PowerShell Profiles

28 Feb 2021 130 views 0 minutes to read Contributors

PowerShell Profiles

 

 A PowerShell profile is a script that runs when I load an instance of PowerShell. I favor having nice little messages each time I load PowerShell, especially when they’re in the flavor of Futurama.

Creating Profiles in PowerShell

Let’s get a profile made and get the magic started. I can find out where my default profile is stored by typing $profile inside PowerShell. It is one of the built-in automatic variables (See help for more info on automatic variables).

 

 

By default, this file doesn’t exist. So, I’m going to need to create the file before I can add any code to it.

New-Item $profile -ItemType File -Force

 

 

Now that my profile is created, I can easily edit it with my preferred text editor. For simplicity, I’m going to use notepad. Running the following will open up that file via notepad.

Notepad $profile

 

Using PowerShell Profiles

Let’s put some code into it and see what happens. We can put any text in it, so I’ll add a nice quote to my $profile.

 

Closing and reopening PowerShell should kick off that extra code.

NOTE: Profiles are simply PowerShell scripts (.ps1 files) that run when PowerShell starts up, so the execution policy will be applied. If I have a restrictive execution policy, I will end up with an error when I start up my PowerShell console.

 

I’m going to take a deeper look at the $profile variable and see what else I can find. To do that, I’ll use Get-Member and investigate.

$profile | Get-Member

 

 

 

This is showing me that there are four profiles that can be used by PowerShell.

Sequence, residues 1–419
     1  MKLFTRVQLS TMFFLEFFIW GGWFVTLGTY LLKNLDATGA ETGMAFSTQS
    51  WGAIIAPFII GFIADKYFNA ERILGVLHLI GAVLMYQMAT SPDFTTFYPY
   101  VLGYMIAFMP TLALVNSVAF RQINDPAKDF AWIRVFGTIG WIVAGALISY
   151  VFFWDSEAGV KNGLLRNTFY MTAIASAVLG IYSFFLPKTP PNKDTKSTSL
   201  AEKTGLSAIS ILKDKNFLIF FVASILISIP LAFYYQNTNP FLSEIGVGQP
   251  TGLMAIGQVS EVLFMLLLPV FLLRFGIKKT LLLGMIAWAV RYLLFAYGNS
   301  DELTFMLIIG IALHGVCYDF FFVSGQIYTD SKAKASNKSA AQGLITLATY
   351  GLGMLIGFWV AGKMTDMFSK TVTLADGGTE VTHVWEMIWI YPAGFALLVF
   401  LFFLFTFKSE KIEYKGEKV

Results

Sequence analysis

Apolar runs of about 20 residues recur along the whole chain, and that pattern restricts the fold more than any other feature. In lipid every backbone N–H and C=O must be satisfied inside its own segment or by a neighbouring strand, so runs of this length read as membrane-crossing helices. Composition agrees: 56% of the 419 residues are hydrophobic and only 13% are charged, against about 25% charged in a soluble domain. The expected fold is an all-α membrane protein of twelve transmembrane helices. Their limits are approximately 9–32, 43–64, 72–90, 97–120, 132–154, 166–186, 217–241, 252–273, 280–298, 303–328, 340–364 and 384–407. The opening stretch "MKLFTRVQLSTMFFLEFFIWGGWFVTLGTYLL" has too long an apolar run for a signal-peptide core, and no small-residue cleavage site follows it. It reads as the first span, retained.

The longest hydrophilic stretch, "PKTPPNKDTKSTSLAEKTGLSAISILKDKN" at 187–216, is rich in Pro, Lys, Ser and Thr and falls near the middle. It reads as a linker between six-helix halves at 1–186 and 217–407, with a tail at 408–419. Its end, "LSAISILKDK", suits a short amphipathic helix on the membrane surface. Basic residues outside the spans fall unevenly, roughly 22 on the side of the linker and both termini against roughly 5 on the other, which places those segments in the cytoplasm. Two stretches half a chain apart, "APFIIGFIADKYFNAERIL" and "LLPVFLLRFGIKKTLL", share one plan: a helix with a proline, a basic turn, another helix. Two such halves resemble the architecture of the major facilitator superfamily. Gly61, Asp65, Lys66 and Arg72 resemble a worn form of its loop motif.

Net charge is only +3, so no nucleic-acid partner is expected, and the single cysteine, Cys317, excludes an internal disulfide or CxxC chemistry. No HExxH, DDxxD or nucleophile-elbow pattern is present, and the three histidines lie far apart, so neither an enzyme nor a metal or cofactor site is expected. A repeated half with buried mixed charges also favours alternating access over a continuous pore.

• AllUsersAllHosts
  • AllUsersCurrentHost
  • CurrentUserAllHosts
  • CurrentUserCurrentHost

Breaking down the profile names a bit, the Current User and All Users portion seems straightforward enough for the profile type, but what does Current Host and All Hosts refer to?

Without diving too much into the weeds, each host application that runs PowerShell can have two sets of profiles that are specific to that host application, broken down by Current User and All Users.

That means that I should see two profiles for each program that implements a PowerShell runspace: PowerShell console, PowerShell ISE, Visual Studio Code, etc.

  • AllUsersCurrentHost (PowerShell, PowerShell ISE, Visual Studio Code)
    • C:\Windows\System32\WindowsPowerShell\v1.0\Microsoft.PowerShell_profile.ps1
    • C:\Windows\System32\WindowsPowerShell\v1.0\Microsoft.PowerShellISE_profile.ps1
    • C:\Windows\System32\WindowsPowerShell\v1.0\Microsoft.VSCode_profile.ps1
  • CurrentUserCurrentHost (PowerShell, PowerShell ISE, Visual Studio Code)
    • C:\Users\hp\OneDrive\Documents\WindowsPowerShell\Microsoft.PowerShell_profile.ps1
    • C:\Users\hp\OneDrive\Documents\WindowsPowerShell\Microsoft.PowerShellISE_profile.ps1
    • C:\Users\hp\OneDrive\Documents\WindowsPowerShell\Microsoft.VSCode_profile.ps1

In addition to the two sets of profiles per host application, I have two profiles defined for all hosts.

  • AllUsersAllHosts
    • C:\Windows\System32\WindowsPowerShell\v1.0\profile.ps1
  • CurrentUserAllHosts
    • C:\Users\hp\OneDrive\Documents\WindowsPowerShell\profile.ps1

This makes for 6 total profiles with just regular PowerShell and PowerShell ISE. In my case, I also have Visual Studio Code installed, so I have 8 total profiles to work with!

 

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